It was obvious gal helping with the hose was too small to hold the hose under control by herself because it pushed her around and she was having a hard time directing it. I noticed my house was on fire by then so I thought; “Gee let’s put some water the siding of my house and in the back window of the bathroom. How inconsiderate can they be? I don't think they give a dam if I lose my house. Putting water on the roof of the garage isn't going to put out the flames on my house or in my van at all.”
       I felt embarrassed when I glanced over and saw my neighbor video tapping my predicament. By then the fire made its way to the lean-to area where five gallon cans of coal tar epoxy and paint thinners were stored. The lids were popping loose and heavy black smoke began bellowing out. When and coal tar began to splatter through the air. I thought to myself, “What the hell am I doing here? I'm not dressed for these conditions. This isn't my job. I'm not paid to do this shit.”
       Dressed in civilian clothes it was too hot for me and I decided to leave the area, but when I let go of the hose, the force from the water pressure spun the small lady out of control. She took off weaving all over the place as if the hose was a snake with her in its mouth, shaking her about as if she was its next meal. The fire-hose was taking her for a ride of her life, and it showed by the look in her face. She looked so pathetic, I found myself stuck there trying to help her because there was no way in hell that she would have been able to operate the hose by herself.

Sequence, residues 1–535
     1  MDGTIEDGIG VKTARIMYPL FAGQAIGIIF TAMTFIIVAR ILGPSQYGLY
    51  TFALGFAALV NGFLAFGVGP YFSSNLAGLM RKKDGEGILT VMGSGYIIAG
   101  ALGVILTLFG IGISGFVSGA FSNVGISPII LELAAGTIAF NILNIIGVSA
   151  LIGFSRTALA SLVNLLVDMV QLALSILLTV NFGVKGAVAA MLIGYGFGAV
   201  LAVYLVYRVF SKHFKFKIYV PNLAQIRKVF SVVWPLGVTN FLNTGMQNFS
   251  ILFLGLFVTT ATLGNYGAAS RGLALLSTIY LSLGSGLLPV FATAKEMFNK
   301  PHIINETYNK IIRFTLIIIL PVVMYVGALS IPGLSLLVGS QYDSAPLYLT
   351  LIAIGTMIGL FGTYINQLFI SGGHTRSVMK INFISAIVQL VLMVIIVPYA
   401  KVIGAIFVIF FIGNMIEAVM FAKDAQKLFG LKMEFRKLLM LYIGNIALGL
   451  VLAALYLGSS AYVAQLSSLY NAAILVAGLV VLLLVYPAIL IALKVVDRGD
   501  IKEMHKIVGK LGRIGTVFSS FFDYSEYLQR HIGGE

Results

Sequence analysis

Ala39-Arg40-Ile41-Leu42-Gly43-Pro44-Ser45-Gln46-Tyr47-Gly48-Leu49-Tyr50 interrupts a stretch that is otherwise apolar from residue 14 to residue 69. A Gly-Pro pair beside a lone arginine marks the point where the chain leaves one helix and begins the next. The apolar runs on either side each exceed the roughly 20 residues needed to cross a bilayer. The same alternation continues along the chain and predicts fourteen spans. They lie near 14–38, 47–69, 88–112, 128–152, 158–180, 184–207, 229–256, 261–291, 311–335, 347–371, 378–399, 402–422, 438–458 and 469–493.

I could see it in her eyes that she was terrified by just being there. No doubt she was having second thoughts about being a firefighter. I had to wonder what in hell it was that made her want to be a firefighter. Was it the four days on and three days off work week? Was it the paycheck which goes up to around $75,000.00 per year? Or did she want to be a hero seen on the evening televisions news broadcast? Whatever the reason was… it was the wrong reason because it was my home and livelihood at stake. I can honestly tell you that she was more frightened of the fire than I was.
       Not only does the job require a person twice her size, but she shouldn't have been there in the first place because when the water pressure dropped off, she just set the nozzle down on the ground. I thought what next? I made a dash for the front of the house to find out what was going wrong, but in a few steps I recalled a news report about an incident where a fireman was killed because a fire-hose nozzle’s valve had been left open and when the line was charged, the hose’s force with the heavy brass nozzle took off on its own and knocked a fireman in the head; killing the guy. Being about ten steps away, I felt in fear of the hose being recharged and leaping about. So I turned around and went back to check and make sure she'd turned it off. I asked her if she had turned it off; she just shrugged her shoulders as if she didn't know. She picked the nozzle up and moved the control handle back and forth as if she couldn't remember which way was off. I looked at her and said, “Boy they sure trained you well.” She just looked back at me with confusion as if she realized she had no business being there in the first place.